• [VE7SL] Hunting For NDBs In CLE273

    From VE7SL via rec.radio.amateur.moderat@21:1/5 to All on Wed Oct 20 13:48:30 2021
    XPost: rec.radio.amateur.moderated

    VE7SL - Steve - Amateur Radio Blog

    Hunting For NDBs In CLE273

    Posted: 19 Oct 2021 12:19 PM PDT http://ve7sl.blogspot.com/2021/10/hunting-for-ndbs-in-cle273.html

    BK-224 Baker Lake, NU ( http://www.ve3gop.com)

    It's CLE time! 'CLE's are 'Co-ordinated Listening Events, and NDB DXers around the world focus their listening time on one small slice of the
    NDB spectrum. This time it's a two-parter with a wider window -- the first hunting ground is 190.0 - 239.9kHz. The second part is hunting for NDBs
    whose carrier frequencies are 'half-way' ex. 267.5, 333.5, 375.5 etc.
    A 'challenge target' for listeners in North America is BK - 224kHz in Baker Lake, Nunavut. Listen for BK's upper sideband on 224.402kHz. BK is widely heard in Europe and throughout North America.
    BK has gobs of power and a big antenna ... see if you hear it!

    When tuning for NDBs, put your receiver in the CW mode and listen for the NDB's CW identifier, repeated every few seconds. Listen for U.S. NDB identifiers approximately 1 kHz higher or lower than the published transmitted frequency since these beacons are modulated with a 1020 Hz
    tone approximately.

    For example, 'AA' near Fargo, ND, transmitted on 365 kHz and its upper
    sideband CW identifier was tuned at 366.025 kHz while its lower sideband CW ident could be tuned at 363.946 kHz. Its USB tone was actually 1025 Hz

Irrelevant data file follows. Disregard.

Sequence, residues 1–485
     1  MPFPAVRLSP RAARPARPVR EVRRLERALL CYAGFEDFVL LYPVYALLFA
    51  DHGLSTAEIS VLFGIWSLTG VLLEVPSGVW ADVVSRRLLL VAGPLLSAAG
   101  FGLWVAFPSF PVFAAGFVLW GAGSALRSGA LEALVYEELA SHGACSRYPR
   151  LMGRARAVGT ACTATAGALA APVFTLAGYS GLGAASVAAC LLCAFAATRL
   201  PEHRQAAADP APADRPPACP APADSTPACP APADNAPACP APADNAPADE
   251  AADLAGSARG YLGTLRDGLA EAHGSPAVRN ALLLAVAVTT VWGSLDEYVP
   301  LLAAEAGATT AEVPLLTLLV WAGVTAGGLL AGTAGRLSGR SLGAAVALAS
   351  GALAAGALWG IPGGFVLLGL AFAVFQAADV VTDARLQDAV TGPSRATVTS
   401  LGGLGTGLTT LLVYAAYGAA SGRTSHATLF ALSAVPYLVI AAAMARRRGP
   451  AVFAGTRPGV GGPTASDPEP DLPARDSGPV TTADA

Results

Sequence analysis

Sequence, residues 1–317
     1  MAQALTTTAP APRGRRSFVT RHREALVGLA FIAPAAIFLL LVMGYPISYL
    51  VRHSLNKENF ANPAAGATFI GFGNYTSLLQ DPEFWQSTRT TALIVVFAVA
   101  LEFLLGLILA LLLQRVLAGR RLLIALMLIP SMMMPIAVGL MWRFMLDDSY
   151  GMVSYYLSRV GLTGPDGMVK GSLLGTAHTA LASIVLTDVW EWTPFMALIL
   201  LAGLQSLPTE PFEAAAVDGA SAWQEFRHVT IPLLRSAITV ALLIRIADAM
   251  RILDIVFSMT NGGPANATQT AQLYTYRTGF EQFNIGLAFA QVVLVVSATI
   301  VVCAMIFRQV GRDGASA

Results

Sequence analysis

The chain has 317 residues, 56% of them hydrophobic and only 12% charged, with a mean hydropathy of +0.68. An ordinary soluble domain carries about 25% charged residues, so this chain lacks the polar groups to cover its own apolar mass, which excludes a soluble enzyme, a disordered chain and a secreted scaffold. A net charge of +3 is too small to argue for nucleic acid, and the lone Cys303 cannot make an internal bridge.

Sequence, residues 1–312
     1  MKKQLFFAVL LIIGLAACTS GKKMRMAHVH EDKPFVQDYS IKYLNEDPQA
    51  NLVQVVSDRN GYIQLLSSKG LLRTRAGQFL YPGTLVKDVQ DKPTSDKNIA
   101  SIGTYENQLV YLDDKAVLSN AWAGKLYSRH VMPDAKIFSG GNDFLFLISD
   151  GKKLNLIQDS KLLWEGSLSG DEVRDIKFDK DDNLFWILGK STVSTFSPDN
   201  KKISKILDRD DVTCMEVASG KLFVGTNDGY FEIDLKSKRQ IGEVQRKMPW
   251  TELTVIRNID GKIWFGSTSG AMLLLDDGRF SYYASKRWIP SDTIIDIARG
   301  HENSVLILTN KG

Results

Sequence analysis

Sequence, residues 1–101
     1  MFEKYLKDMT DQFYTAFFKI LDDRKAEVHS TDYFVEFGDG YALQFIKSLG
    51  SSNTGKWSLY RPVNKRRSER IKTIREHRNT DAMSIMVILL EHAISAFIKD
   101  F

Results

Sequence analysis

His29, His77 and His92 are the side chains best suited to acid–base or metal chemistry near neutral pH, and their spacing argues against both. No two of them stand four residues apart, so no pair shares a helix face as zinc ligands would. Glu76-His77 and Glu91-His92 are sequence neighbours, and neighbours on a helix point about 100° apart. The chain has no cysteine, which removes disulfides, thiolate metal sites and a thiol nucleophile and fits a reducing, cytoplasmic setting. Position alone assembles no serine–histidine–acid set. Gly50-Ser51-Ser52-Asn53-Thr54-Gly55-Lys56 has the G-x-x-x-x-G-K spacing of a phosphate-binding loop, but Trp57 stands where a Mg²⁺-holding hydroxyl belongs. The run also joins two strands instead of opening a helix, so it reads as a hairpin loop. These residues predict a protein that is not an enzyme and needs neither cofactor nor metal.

while its LSB tone was 1054 Hz.

    Often, one sideband will be much stronger than the other so if you don't
    hear the first one, try listening on the other sideband.

    Canadian NDBs normally have an USB tone only, usually very close to 400 Hz. They also have a long dash (keydown) following the CW identifier.

    All NDBs heard in North America will be listed in the RNA database (updated daily) while those heard in Europe may be found in the REU database.
    Beacons heard outside of these regions will be found in the RWW database.
    These databases have recently been re-vamped and are slicker than ever

    From CLE organizers comes the following CLE info:Hello all,Here are
    brief details of our 273rd co-ordinated listening event, less than a week away. Ideal to try out a CLE for the first time?Days: Friday 22nd -
    Monday 25th Oct., Midday-Midday, your local time NDBs from 190 - 239.9 kHzPLUS: Normal NDBs with carriers on the 'half-way' frequencies nnn.5
    kHz from 190.5 - 999.5 kHzSo, unusually, it is a CLE in two parts. The
    first part is hunting for the NDBs whose published frequencies are lower
    than 240 kHz.The second part is hunting for the NDBs whose carrier
    frequencies are 'half-way'. E.g. 267.5 OPW, 333.5 VOG, 370.5 LB, 381.5
    SJX (in Ml), 390.5 ITR, 427.5 OB (in AFS), 433.5 HEN and 514.5 LAMost
    Europe listeners will hear few or none from part 1, while listeners away
    from Europe will hear few or none from part 2.The last time we covered
    these frequencies was for CLE257 in June 2020.
    Please log all the NDBs (within the frequency ranges specified) that you
    can identify plus any UNIDs that you come across there. Send your final
    log to the List (not in an attachment, please) with 'CLE273’ and ‘FINAL' in its title (important). Show on each line: # The Date